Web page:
Abstract

Extrusion-based bioprinting is the most common printing technology used in regenerative medicine. Despite recent technological advances, a pressing challenge for extrusion printing is low spatial resolution, which limits the functionality of printed constructs. One of the reasons for the low spatial resolution is a lack of process monitoring and control strategies to monitor fabrication and correct for print errors. Few research efforts implement process control and investigate the relationship between extrusion process parameters and printing fidelity. The lack of understanding between process parameters and print results ultimately limits the complexity of the possible structures. For example, fabrication of structures whose topologies vary spatially within the part is not possible without advanced process control. Here we enable fabrication of advanced spatially graded structures by implementing process monitoring and control strategies. We develop material models to better understand the relationship between process parameters and printing outcomes. We also present an experimental procedure to generate a process map that provides insight into the regions of the processing space that produce the desired extrusion features (e.g., width of the filament). After generation of a process map and material models, we implement a process monitoring and control strategy that measures the feature error and intelligently updates the process control inputs to reduce defects and improve spatial fidelity, which will lead to better functionality of the final construct.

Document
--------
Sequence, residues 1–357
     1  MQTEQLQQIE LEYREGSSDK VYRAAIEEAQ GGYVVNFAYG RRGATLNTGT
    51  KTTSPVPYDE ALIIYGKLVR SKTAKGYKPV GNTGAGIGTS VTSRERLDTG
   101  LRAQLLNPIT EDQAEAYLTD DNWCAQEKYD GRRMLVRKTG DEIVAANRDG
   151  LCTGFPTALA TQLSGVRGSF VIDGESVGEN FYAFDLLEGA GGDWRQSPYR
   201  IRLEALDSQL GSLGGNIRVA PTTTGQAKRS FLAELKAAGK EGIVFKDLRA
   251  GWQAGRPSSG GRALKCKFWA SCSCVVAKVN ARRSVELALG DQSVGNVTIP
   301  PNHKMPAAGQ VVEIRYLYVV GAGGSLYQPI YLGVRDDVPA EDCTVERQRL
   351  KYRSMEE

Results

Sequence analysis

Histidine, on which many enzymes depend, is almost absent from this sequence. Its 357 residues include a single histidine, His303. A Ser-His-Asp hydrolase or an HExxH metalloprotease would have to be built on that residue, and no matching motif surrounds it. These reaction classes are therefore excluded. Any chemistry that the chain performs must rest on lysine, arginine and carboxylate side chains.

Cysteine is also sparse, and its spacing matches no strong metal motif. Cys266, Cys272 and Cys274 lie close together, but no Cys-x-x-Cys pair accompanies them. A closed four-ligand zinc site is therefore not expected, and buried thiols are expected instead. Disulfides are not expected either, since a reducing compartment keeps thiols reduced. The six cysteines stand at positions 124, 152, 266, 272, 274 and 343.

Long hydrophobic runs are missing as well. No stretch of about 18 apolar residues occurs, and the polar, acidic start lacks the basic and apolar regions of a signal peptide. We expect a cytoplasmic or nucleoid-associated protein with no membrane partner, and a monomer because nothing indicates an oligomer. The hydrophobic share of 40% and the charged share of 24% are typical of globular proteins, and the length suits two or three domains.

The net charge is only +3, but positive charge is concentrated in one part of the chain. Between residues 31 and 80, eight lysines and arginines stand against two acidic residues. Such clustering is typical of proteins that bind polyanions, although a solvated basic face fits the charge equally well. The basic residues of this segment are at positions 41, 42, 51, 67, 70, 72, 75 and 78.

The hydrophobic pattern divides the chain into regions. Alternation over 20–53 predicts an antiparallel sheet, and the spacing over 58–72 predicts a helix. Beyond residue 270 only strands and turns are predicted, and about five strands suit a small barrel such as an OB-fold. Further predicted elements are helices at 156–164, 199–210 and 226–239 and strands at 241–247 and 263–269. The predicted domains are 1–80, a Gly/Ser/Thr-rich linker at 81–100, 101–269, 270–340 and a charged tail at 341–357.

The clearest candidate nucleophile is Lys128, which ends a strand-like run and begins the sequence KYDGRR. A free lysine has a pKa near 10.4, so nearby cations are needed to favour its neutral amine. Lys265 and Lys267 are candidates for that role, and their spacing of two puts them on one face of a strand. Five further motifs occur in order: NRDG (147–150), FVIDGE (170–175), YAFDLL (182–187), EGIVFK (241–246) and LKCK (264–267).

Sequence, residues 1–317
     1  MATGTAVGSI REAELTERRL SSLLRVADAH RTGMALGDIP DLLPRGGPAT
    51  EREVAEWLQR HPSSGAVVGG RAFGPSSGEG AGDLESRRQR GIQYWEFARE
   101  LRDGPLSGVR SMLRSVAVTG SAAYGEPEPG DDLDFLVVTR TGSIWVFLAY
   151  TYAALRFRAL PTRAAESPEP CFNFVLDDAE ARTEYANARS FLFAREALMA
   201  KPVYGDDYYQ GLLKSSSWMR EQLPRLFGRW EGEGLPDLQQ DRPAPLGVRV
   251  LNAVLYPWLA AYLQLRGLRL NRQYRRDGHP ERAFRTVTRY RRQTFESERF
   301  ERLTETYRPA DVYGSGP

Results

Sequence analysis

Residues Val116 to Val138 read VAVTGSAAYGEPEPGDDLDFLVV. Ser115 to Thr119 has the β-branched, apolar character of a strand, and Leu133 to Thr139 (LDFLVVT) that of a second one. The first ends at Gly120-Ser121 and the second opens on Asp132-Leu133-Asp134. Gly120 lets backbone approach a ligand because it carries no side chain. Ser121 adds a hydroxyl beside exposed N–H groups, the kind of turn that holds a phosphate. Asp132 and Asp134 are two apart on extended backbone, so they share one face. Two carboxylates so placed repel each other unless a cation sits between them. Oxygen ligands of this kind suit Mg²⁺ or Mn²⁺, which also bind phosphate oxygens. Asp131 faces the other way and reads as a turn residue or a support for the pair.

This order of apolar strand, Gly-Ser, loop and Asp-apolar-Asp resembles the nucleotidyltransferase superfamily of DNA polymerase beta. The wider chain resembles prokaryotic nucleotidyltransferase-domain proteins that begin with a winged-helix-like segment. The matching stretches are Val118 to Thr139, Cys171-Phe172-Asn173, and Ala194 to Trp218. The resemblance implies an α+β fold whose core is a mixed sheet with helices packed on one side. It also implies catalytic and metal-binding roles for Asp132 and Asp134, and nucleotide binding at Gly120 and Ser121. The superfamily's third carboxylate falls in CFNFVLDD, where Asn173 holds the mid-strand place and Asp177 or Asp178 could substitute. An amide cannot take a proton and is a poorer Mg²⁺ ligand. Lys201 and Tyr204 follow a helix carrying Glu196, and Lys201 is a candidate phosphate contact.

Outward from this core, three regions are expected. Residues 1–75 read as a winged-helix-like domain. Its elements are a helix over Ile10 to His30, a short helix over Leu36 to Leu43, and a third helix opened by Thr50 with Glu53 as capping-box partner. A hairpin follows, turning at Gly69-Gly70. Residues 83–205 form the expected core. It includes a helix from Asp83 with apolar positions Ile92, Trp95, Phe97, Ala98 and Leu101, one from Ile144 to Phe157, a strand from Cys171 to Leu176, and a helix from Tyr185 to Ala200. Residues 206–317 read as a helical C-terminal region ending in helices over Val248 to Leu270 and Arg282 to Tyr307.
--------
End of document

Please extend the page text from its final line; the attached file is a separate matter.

Original languageEnglish (US)
Article numbere00126
JournalBioprinting
Volume21
DOIs
StatePublished - Mar 2021

Keywords

  • Extrusion-based bioprinting
  • Printing accuracy
  • Process development
  • Process monitoring
  • Regenerative medicine
  • Scaffolds

ASJC Scopus subject areas

  • Biotechnology
  • Biomedical Engineering
  • Computer Science Applications

Fingerprint Dive into the research topics of 'Process monitoring and control strategies in extrusion-based bioprinting to fabricate spatially graded structures'. Together they form a unique fingerprint.

Cite this